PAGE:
Sacrificing freedom for selfism

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Against this tide it would seem impossible to make the case for self-restraint and modesty; words so arcane and unfamiliar that they wouldn’t even be reflected on before being dismissed.

“Men are qualified for civil liberty in exact proportion to their disposition to put moral chains
upon their own appetites” – Edmund Burke, Reflections on the Revolution in France

There is something uniquely horrible about being in Britain on the first few hot days of the year. People are awakened up and down the length of the country to the whirring irritation of lawnmowers and hedge trimmers, flaying alive every sprouting shoot and weed. Once the shadows shorten enough to justify a drink the pubs and bars fill up with young men and women adorned in their own bare flesh and fashionable trimmings. Even this soon becomes too much and the t-shorts come off en masse among groups of loud lads as they spill out of the beer gardens in search of disposable barbecues and hunks of meat to char in the nearest public green space. Parks, lawns, gardens, river banks and verges soon become hazy beneath the smoke and packs of cheap beer. The evening increases the general loudness, drunkenness and coarseness for which we have become, sadly, all too famous.

Perhaps I’m being too grumpy and spiteful toward my fellow neighbours who, after all, are just looking to relax and enjoy their Easter Bank Holiday weekend. Perhaps I’m just one of those quiet types who wishes for quiet conversation in the corner of some old pub. But is it excessively reflective to consider the changes in public life, even within my short lifetime? My son is not yet a year old, but I would be unable to enforce some of the rules I was brought up with: instructions such as being mindful of where one is walking, how loudly one is speaking, whether the topic of conversation is suitable for a public place and basic charitable acts such as holding doors and waiting to allow others first. These were combined with forbidden actions such as eating in the street, swearing, shouting, dropping litter, spitting and all manner of behaviours which would cause upset and offence. These and more are just part of the daily grind of being in public today. I often wonder what older people must think as they carefully pick their way down some of our worst streets and squares?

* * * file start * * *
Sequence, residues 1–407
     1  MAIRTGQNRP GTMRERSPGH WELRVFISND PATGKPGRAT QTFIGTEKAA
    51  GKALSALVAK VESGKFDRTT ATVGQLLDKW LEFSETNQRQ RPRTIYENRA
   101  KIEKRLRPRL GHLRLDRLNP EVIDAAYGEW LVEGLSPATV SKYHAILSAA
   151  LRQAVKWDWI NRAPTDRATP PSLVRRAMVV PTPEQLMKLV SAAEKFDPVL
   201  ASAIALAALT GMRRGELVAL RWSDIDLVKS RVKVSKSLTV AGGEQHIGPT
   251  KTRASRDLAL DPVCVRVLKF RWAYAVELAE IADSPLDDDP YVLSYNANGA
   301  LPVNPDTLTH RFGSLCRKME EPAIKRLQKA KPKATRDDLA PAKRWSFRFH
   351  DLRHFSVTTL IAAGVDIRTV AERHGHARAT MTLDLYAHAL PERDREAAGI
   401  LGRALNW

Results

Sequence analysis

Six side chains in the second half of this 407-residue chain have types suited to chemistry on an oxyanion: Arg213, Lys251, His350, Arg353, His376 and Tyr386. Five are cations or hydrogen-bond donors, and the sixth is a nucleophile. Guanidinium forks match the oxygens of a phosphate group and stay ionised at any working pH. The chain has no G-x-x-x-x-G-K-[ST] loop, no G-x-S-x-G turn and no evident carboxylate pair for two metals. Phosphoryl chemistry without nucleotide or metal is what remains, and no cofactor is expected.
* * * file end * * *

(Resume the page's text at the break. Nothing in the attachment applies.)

Even those who seem more restrained are little better; the peacock like displays of bronzed body parts, facefuls of make-up, armfuls of tattoos and sculpted chests portray our new found love for, and obsession with, ourselves. Every poise and posture a selfie, every thought a message, every hilarity a cause for recording and transmitting. What we see on the street is amplified online and curated for further self-promotion.

Against this tide it would seem impossible to make the case for self-restraint and modesty; words so arcane and unfamiliar that they wouldn’t even be reflected on before being dismissed. They would simply glide off the mind like white noise. Yet the very essence of Burkean thought is contained within his simple but profound point that those who do not restrain themselves will be restrained by someone else, and that someone else will render you less free. Britain used to be a more free society, but paradoxically that freedom was maintained through an austere self-control and mastery of one’s own emotions and desires. To make the point, when I was a teenager, growing up in the rural spaces of Herefordshire, I remember the creeping police control of my public space. To walk in certain parts of the city could become an offence if conducted with several other friends, distressing noise emitters were fitted at bus shelters which targeted young people through selective frequencies, ‘Community Support Officers’ were invented and hassled us on the way to college, warning us not to congregate for too long and ‘alcohol free zones’ were created which permitted a police officer to confiscate legally purchased drinks and pour them away in front of us, or else march us to a cash machine for an instant fine. Our liberties to associate and conduct our business were curtailed. The reason being there had been several violent attacks and a murder of a passer-by in the city centre as well as an increase in ‘boy-racers’ stealing and burning cars. I and my friends were innocent of these crimes and yet, the effect of the callousness and brutality of others had resulted in our losing of our basic freedoms.